The Journal of Horticultural Science & Biotechnology
Vol. 79 No: 4
Chilling injury in mango fruit in relation to biosynthesis of free polyamines
SURESH NAIR and ZORA SINGH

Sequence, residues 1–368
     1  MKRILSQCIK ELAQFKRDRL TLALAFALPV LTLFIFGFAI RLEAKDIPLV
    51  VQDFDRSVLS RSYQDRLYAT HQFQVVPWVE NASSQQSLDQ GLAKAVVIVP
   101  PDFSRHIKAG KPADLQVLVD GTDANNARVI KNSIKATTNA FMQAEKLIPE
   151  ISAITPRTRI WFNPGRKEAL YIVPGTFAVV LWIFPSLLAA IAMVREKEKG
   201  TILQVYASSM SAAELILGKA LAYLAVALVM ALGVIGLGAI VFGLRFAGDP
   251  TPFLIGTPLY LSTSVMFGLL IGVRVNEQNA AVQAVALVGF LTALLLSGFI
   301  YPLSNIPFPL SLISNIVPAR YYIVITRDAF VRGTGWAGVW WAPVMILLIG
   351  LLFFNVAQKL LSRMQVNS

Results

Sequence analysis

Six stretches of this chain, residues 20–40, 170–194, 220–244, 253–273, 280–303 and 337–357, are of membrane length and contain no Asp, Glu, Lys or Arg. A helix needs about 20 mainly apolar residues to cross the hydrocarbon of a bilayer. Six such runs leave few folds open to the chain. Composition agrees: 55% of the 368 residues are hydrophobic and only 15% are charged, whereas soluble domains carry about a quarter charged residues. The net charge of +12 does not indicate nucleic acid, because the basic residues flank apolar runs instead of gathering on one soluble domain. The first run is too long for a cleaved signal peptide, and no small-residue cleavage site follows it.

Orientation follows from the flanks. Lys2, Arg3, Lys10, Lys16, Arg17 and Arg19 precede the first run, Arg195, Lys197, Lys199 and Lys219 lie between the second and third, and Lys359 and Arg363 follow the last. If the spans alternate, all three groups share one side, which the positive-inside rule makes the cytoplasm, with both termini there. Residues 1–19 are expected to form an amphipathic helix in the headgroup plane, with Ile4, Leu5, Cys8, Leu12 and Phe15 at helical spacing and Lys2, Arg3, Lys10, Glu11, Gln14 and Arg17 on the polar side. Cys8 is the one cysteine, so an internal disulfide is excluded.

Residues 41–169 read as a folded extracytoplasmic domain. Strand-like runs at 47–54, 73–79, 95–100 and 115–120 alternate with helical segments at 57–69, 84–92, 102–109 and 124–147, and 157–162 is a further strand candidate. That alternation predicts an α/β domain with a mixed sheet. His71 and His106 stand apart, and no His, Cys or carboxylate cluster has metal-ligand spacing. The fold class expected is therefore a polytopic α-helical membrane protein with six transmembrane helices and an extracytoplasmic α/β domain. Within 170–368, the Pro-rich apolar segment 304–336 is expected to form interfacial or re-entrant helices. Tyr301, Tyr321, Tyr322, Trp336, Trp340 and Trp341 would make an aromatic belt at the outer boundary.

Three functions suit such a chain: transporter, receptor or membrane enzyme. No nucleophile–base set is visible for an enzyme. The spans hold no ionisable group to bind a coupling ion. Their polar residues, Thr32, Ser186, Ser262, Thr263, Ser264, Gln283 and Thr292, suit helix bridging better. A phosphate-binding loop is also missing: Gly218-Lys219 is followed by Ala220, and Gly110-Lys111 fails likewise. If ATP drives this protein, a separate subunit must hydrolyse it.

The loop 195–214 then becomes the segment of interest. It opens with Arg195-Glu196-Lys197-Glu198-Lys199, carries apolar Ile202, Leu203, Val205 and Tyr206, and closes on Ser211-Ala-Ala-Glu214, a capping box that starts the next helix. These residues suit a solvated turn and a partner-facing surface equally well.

Mature green mango (Mangifera indica L. ´Kensington Pride`) fruit were stored at 0, 5, 10, 15 and 20°C for 1, 3, 7, 14, 21 and 28 d during 1999 to induce different levels of chilling injury (CI) and to investigate its relationship with endogenous polyamines during storage. In second experiment during 2000, fruit were stored at 5 and 15°C for two weeks and allowed to ripen at 22±1°C to elucidate the relationship between endogenous free polyamines and CI during ripening. CI index on fruit increased as the storage temperature was decreased from 10 to 0°C and the storage period was prolonged from 1 to 28 d. CI symptoms progressed during the ripening period in fruit stored at 5°C for two weeks. Total free polyamines in the skin and pulp were higher in the chill injured fruit as compared with the non-chill injured fruit during storage and ripening except on day 4 of the ripening period.Accumulation of putrescine and depletion of spermidine and spermine in the skin and pulp of the chill injured fruit was recorded during the storage and ripening periods. In third experiment during 2000, amongst different concentrations of three polyamines tested, exogenous application of spermine (0.50 mM) was most effective in reducing CI. In conclusion, putrescine accumulation did not inhibit CI in mango fruit - rather the chilling stress promoted its accumulation at the early stages of ripening. The depletion of endogenous spermidine and spermine with CI and the reduction of CI with pre-storage application of these polyamines indicate that CI development in mango fruit seems to be associated with the biosynthesis of polyamines.
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